The March speech had been arranged by the President's military aide, Maj. General Harry Vaughn, a graduate of Westminster College, and the President had, incidentally, added to the invitation that he would accompany Mr. Churchill to the speech. Before the speech, Secretary of State Byrnes and Bernard Baruch had flown to Florida to meet with Mr. Churchill and presumably might have raised the subject of the speech, though that was speculation by Mr. Childs.

Whatever the circumstance of the making of it and the President's foreknowledge, it had the effect of altering Soviet-American relations. The effect of the presence of the President on the dais at the time could not be measured but it likely had an impact on the alteration in course of the policy.

Before the speech, such important foreign policy commentators as Walter Lippmann had advocated a role for the United States as mediator between Russia and England. After the speech, the possibility of effecting such a role was compromised.

The change, he posits in conclusion, might have been good for the country, but his point was that it should have developed out of the considered judgment of the President, not by accident.

"The man who sits at the White House console must know the tune he wants to play."

Samuel Grafton suggests that only in the Democratic Party could such a debate be taking place on foreign policy; the Republicans were much too narrow and homogeneous in their membership to admit of such a controversy. The Democrats ran the gamut from left to right and thus such a quarrel could readily erupt.

The criticism that the Wallace controversy would give ground to the Russians to take advantage of a rift in the country was to ignore the fact that a carefully orchestrated facade of unity would not long disguise the festering presence of such a rift. Russia was quite aware of the division of opinion in the country prior to the Wallace speech. Nor would silencing Mr. Wallace eliminate the controversy.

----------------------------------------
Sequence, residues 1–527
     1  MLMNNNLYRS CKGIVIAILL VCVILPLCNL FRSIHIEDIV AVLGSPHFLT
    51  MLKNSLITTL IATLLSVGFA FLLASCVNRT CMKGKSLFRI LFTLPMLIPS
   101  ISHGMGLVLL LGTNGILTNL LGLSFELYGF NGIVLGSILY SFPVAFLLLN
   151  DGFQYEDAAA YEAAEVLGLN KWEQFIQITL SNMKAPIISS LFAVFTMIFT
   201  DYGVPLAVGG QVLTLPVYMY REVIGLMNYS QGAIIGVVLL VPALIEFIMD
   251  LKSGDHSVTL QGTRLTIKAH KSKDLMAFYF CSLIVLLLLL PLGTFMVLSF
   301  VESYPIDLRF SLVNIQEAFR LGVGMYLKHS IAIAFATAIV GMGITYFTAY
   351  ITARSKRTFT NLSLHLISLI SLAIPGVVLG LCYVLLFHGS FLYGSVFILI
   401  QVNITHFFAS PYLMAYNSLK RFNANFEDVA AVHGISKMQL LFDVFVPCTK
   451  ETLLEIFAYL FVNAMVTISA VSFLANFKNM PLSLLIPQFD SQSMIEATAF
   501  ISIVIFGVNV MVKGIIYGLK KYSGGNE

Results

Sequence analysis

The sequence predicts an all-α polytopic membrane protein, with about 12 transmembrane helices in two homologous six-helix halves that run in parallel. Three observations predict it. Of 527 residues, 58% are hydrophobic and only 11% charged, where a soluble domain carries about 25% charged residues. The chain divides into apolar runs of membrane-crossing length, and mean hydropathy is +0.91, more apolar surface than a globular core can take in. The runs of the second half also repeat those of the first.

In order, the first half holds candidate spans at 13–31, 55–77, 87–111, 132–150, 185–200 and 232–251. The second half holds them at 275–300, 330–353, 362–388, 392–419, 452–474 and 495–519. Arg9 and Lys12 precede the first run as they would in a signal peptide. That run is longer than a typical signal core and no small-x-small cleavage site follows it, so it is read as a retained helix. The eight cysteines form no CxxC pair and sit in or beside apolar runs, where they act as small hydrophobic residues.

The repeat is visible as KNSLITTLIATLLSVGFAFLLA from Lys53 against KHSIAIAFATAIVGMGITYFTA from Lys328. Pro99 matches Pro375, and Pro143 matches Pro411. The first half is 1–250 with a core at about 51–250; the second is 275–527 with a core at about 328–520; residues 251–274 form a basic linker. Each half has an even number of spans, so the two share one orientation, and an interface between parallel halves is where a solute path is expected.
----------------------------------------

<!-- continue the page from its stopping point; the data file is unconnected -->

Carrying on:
Nor was it clear, with the controversy in the open, that Russia would seek to take advantage of it; it might just as well see the emergence of reconciliation in the Wallace speech and seek ground which would enable its fruition. Mr. Wallace had already made it impossible for the Russian press, with any credulity, to continue the assault on America as comprised only of imperialists and atomic blackmailers. Now, the Russians had choices to make with respect to the approach they would take. Thus, it was difficult to understand how the Wallace speech had harmed the chances for reaching agreement with Russia.

Mr. Grafton ventures that it appeared to be those who did not want such an agreement who were raising the hue and cry, seeking to hide away the fact of the division.

R. F. Beasley of the Monroe Journal offers a piece titled "Responsibility and Regularity", in which he comments on Josephus Daniels having expressed dismay at Democrats voting with Republicans against Administration policies. He further comments that Harry Ashmore, Associate Editor of The News, supported a strong Republican Party in the state and the South generally, viewed the Democratic opposition to the Administration to be a sound argument in its corner.

But The Monroe Journal, says Mr. Beasley, took a position in between the Raleigh News & Observer and The News, finding no problem with either the Democrats voting with Republicans or with the absence of a strong Republican Party in the South.

Both newspapers assumed that the President set the standard for party regularity. He disagrees with the notion.

As to party responsibility, some argued that the national platform was the standard while others claimed it to be only the state platform. The Congress was elected locally while the platform of the party was established nationally. The Administration had to adhere, for consistency, to the party platform, but that was not the case for the individual states and their representatives. The platform was only a general expression of principles, designed to appeal to as many people as possible.

He views this dichotomy as the source of conflict between the Congress and the President at any time.

Generally, there could be no great cleavage between the views of the parties as both were designed to support one way of life under the Constitution. The Democrats were generally associated with liberal ideas and the Republicans, conservative, a distinction handed down from the early days of the republic. It was often regarded as the concept of man against the dollar.

A great schism in the Democratic Party had developed out of the Civil War, but since the days of Grover Cleveland, the party had stood for freedom and opportunity against domination of the Government by propertied interests. The Republicans of the latter day, he asserts, were probably not far behind in that regard. The Republicans were generally as strongly supportive of the New Deal principles as were the Democrats.

He concludes by saying that Senator Clyde Hoey of North Carolina was a New Dealer "with only a very small grain of salt."